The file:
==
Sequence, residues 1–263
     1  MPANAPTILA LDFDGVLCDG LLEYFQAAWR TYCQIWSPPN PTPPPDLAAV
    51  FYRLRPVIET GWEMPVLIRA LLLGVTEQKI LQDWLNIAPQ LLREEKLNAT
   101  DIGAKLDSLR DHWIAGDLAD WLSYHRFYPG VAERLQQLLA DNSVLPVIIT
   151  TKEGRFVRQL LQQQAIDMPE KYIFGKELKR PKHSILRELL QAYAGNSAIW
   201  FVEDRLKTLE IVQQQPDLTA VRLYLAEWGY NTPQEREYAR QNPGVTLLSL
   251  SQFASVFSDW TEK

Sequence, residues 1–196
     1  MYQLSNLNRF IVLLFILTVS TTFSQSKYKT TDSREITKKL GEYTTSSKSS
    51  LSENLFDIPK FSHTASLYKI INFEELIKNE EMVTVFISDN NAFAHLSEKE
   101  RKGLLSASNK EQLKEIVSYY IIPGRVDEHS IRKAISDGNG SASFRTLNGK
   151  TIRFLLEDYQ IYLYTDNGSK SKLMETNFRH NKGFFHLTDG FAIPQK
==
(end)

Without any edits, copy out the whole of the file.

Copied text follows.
Sequence, residues 1–263
     1  MPANAPTILA LDFDGVLCDG LLEYFQAAWR TYCQIWSPPN PTPPPDLAAV
    51  FYRLRPVIET GWEMPVLIRA LLLGVTEQKI LQDWLNIAPQ LLREEKLNAT
   101  DIGAKLDSLR DHWIAGDLAD WLSYHRFYPG VAERLQQLLA DNSVLPVIIT
   151  TKEGRFVRQL LQQQAIDMPE KYIFGKELKR PKHSILRELL QAYAGNSAIW
   201  FVEDRLKTLE IVQQQPDLTA VRLYLAEWGY NTPQEREYAR QNPGVTLLSL
   251  SQFASVFSDW TEK

Sequence, residues 1–196
     1  MYQLSNLNRF IVLLFILTVS TTFSQSKYKT TDSREITKKL GEYTTSSKSS
    51  LSENLFDIPK FSHTASLYKI INFEELIKNE EMVTVFISDN NAFAHLSEKE
   101  RKGLLSASNK EQLKEIVSYY IIPGRVDEHS IRKAISDGNG SASFRTLNGK
   151  TIRFLLEDYQ IYLYTDNGSK SKLMETNFRH NKGFFHLTDG FAIPQK